Star Trek: Generations was released on 18 November 1994 to fairly indifferent reviews. However, some impressive visual effects, a decent couple of trailers, the mass crossover appeal of The Next Generation and rumours of Kirk's death ensured a strong turn-out. Generations was made on a budget of $33 million, the same as Star Trek V, but at just under $120 million made twice as much at the box office. It was a huge success for Paramount, who greenlit an eighth movie in February 1995.

Rick Berman re-hired Moore and Braga to write the script, taking time away from their new day jobs (Moore was working on Star Trek: Deep Space Nine whilst Braga had transferred to the new, second TNG spin-off, Star Trek: Voyager). Brainstorming ideas and aware they would have a larger budget to play with, they decided to combine two notions that had come up early: time travel and the Borg. The Borg had been lightly used on TNG following their defeat in The Best of Both Worlds, with the fear that over-using them would rob them of their unstoppable power. Moore believed that they would make for a fine enemy for a movie. A film would also allow the Borg to be depicted as more powerful and threatening. Their previous appearances had been cut down due to budget issues, with the iconic Battle of Wolf 359 in The Best of Both Worlds happening off-screen. Braga's notion was to have the time travel involving Earth's first contact with the Vulcans, an iconic moment in the history of Star Trek which led to the founding of the Federation. This would also allow the film to help celebrate the 30th anniversary of the franchise.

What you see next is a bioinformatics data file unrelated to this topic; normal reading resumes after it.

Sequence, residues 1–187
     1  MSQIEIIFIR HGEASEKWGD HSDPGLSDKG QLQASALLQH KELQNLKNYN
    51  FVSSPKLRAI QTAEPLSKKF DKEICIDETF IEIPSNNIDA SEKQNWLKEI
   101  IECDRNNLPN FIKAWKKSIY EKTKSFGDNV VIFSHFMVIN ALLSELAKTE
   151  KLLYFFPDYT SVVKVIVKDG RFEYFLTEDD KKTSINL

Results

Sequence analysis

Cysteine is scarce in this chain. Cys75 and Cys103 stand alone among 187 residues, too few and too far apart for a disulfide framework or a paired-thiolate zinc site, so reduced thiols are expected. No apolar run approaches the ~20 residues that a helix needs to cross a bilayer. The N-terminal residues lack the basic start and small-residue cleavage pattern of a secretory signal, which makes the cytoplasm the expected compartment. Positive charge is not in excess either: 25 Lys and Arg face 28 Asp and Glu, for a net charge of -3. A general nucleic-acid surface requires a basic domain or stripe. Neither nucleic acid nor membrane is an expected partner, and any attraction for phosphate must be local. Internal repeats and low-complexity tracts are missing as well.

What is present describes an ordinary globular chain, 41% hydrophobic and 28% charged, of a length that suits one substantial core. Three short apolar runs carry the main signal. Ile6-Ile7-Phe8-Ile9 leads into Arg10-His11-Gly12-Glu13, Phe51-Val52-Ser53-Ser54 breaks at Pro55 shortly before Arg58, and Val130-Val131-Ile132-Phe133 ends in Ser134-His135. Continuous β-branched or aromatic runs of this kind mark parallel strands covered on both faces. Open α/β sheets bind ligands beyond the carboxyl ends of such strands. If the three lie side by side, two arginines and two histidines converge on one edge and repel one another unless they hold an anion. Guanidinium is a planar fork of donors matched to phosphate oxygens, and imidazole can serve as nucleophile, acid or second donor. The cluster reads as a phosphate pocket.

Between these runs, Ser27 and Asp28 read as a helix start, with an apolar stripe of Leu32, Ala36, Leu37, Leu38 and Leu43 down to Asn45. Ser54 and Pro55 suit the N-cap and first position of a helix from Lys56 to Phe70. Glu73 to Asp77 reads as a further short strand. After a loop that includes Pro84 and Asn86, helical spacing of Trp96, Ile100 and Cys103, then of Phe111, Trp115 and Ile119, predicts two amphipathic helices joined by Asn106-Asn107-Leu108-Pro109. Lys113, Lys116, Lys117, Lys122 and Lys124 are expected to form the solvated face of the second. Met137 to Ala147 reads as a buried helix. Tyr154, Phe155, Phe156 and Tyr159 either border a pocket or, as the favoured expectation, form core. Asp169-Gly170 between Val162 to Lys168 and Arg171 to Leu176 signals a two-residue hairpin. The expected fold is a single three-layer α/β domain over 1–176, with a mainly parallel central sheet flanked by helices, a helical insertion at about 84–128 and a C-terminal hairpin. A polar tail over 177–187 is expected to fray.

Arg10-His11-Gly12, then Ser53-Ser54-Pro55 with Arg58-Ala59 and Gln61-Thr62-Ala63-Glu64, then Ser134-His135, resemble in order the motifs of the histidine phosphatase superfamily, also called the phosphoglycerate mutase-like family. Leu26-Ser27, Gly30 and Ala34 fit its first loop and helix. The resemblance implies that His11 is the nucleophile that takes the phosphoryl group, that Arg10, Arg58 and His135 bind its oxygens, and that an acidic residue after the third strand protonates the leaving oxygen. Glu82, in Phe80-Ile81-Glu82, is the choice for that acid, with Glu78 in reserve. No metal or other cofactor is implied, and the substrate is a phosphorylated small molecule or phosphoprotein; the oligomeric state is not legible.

First Contact was deliberately played as a more action-driven story than previous Star Trek movies.

Jonathan Frakes, who had played Commander Riker on The Next Generation, was selected to direct the film. Frakes had directed multiple episodes of TNG, DS9 and Voyager and had won plaudits for his visual style as well as his professional attitude. Frakes won the role after several other directors were rejected for their lack of familiarity with the franchise. Patrick Stewart exercised his considerable influence on the production to give Picard a more action-heavy role in fighting the Borg on the new Enterprise-E.

The movie was originally entitled Star Trek: Resurrection (a title everyone seemed to like), but this was changed to First Contact when 20th Century Fox announced that the fourth Alien movie would have the same title.